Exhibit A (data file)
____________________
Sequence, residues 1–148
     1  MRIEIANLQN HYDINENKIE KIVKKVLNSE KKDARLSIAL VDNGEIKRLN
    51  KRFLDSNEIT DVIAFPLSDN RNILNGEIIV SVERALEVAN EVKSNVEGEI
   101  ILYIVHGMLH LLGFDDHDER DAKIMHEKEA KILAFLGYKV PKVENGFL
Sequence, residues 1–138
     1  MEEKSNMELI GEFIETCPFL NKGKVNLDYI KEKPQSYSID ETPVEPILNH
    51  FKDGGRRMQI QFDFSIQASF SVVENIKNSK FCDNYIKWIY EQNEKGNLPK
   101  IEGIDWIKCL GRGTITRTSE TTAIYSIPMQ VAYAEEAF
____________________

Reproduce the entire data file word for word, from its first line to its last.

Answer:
Sequence, residues 1–148
     1  MRIEIANLQN HYDINENKIE KIVKKVLNSE KKDARLSIAL VDNGEIKRLN
    51  KRFLDSNEIT DVIAFPLSDN RNILNGEIIV SVERALEVAN EVKSNVEGEI
   101  ILYIVHGMLH LLGFDDHDER DAKIMHEKEA KILAFLGYKV PKVENGFL
Sequence, residues 1–138
     1  MEEKSNMELI GEFIETCPFL NKGKVNLDYI KEKPQSYSID ETPVEPILNH
    51  FKDGGRRMQI QFDFSIQASF SVVENIKNSK FCDNYIKWIY EQNEKGNLPK
   101  IEGIDWIKCL GRGTITRTSE TTAIYSIPMQ VAYAEEAF